In order to disperse the ferromagnetic powder into the binder, conventional methods are utilized. For example, ball milling, vibratory milling, sand milling, colloid milling and combinations thereof can be used. In some cases, ultrasonic vibration can be jointly used therewith. Various types of kneaders can be used in performing the dispersion. Examples include a two-roll mill, a three-roll mill, a ball mill, a pebble mill, a trommel, a sand grinder, a Szegvari attritor, a high speed impeller, a high speed stone mill, a high speed impact mill, a disperser, a kneader, a high speed mixer, a honogenizer, and an ultrasonic dispersing apparatus.

Various useful techniques relating to kneading and dispersing are described in T.C. Patton, Paint Fow and Pigment Dispersion, 1964, John Wiley & Sons, and in U.S. Pat. Nos. 2,581,414 and 2,855,156.

Magnetic recording layers are formed by dissolving the above components in an organic solvent to make a coating composition and then coating the same on a support.

The thickness of the support used is conventional and is about 5 to 50 μm, preferably about 10 to 40 μm. The material used for the support includes polyesters such as polyethylene terephthalate and polyethylene-2,6-naphthalate, polyolefins such as polypropylene, cellulose derivatives such as cellulose triacetate and cellulose diacetate, polycarbonate, and the like.

For preventing static discharge or preventing transfer printing, the above supports may have a back coat on the surface opposite the surface provided with the magnetic layer. Descriptions of back coats are found, e.g., in U.S. Pat. Nos. 2,804,401, 3,293,066, 3,617,378, 3,062,676, 3,734,772, 3,476,596, 2,643,048, 2,803,556, 2,887,462, 2,923,642, 2,997,451, 3,007,892, 3,041,196, 3,115,420 and 3,166,688, etc.

The supports may be in any shape such as a tape, sheet, card, disc or drum, and various materials can be used depending upon the shape desired and end use contemplated.

The aforesaid magnetic recording layer can be coated on the support by various conventional methods including air doctor coating, blade coating, air knife coating, squeeze coating, impregnation coating, reverse roll coating, transfer roll coating, gravure coating, kiss coating, cast coating and spray coating. Other coating methods can also be used. The details of these methods are descried in Coating Engineering, pp. 253 to 277, Asakura Publisher (Mar. 20, 1971).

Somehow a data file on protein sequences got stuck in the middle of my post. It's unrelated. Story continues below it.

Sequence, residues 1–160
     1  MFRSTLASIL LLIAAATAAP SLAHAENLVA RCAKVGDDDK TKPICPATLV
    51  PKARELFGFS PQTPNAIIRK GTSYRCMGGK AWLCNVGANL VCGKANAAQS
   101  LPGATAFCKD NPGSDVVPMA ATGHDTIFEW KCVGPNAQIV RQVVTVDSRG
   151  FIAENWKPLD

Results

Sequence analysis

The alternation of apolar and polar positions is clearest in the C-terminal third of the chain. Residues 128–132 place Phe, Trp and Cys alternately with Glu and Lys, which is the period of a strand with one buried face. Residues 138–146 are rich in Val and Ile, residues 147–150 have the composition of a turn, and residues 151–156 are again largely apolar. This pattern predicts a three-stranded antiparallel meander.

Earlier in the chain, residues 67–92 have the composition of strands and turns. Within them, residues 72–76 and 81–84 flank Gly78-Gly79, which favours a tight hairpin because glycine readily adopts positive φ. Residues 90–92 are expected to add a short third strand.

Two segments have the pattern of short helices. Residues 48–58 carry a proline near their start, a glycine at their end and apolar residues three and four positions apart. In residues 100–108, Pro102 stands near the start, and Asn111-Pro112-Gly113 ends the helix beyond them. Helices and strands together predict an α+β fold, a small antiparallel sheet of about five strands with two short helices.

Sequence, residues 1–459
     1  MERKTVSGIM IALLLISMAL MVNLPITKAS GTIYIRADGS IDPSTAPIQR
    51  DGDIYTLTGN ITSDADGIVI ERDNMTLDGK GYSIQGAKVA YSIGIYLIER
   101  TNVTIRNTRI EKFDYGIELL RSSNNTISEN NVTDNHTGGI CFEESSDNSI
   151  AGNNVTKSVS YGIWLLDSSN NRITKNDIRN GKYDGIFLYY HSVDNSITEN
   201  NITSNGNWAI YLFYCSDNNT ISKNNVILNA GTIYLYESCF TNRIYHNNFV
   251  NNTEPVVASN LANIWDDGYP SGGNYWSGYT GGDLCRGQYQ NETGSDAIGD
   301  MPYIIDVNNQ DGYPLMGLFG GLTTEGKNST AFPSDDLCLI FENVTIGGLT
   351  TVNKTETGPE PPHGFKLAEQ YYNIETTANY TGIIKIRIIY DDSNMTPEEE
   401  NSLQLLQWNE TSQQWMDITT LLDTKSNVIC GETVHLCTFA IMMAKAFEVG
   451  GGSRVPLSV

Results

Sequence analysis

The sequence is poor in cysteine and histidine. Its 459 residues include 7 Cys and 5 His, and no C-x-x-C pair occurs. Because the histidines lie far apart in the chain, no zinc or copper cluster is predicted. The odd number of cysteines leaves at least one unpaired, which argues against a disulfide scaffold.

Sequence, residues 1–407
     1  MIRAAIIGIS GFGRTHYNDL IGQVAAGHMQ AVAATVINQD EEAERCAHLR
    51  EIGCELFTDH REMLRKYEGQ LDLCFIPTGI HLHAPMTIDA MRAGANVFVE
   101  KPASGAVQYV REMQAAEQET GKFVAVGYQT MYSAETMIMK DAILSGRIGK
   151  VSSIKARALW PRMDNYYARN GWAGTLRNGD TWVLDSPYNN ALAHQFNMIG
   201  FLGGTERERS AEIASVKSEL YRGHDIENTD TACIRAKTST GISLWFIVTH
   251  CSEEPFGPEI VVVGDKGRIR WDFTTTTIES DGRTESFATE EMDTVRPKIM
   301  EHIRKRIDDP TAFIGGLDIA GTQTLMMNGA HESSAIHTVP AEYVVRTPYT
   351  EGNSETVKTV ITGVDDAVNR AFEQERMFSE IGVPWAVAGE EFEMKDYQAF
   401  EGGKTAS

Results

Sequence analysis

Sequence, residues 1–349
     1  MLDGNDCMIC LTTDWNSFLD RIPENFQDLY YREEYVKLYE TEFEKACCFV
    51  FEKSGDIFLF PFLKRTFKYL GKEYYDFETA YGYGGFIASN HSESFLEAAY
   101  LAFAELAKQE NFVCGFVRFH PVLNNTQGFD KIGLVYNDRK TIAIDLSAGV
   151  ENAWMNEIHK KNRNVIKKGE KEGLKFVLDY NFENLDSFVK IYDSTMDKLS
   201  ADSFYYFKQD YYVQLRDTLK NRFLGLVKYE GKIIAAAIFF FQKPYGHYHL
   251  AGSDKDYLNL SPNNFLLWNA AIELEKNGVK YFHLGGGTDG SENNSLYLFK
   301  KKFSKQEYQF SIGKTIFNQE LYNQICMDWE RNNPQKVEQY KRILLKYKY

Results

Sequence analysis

The organic solvents which can be used for coating include ketones such as acetone, methyl ethyl ketone, methyl isobutyl ketone and cyclohexanone; alsohols such as methanol, ethanol, propanol and butanol; esters such as methyl acetate, ethyl acetate, butyl acetate, ethyl lactate and glycol monoethyl ether acetate; glycol ethers such as ether, glycol dimethyl ether, glycol monoethyl ether and dioxane; aromatic hydrocarbons such as benzene, toluene and xylene; chlorinated hydrocarbons such as methylene chloride, ethylene chloride carbon tetrachloride, chloroform, ethylene chlorohydrin and dichlorobenzene; and the like.

The magnetic layer coated on the support by the above method is dried after, if desired, the coating has been subjected to a treatment for orienting the magnetic powder in the layer. Suitable treatments for orienting the magnetic powder in the layer are disclosed in U.S. Pat. Nos. 1,949,840, 2,796,359, 3,001,891, 3,172,776, 3,416,949, 3,473,960 and 3,681,138; Japanese Patent Publications 3427/1957, 28368/1964, 23624/1965, 23625/1965, 13181/1966, 13043/1973 and 39722/1973. If required, the magnetic layer can be subjected to a surface-smoothening treatment, or cut to the desired shape, to thereby form the magnetic recording material of this invention. Suitable suface-smoothening techniques are disclosed in U.S. Pat. Nos. 2,688,567, 2,998,325 and 3,783,023, and German Patent Application (POI) 2,405,222.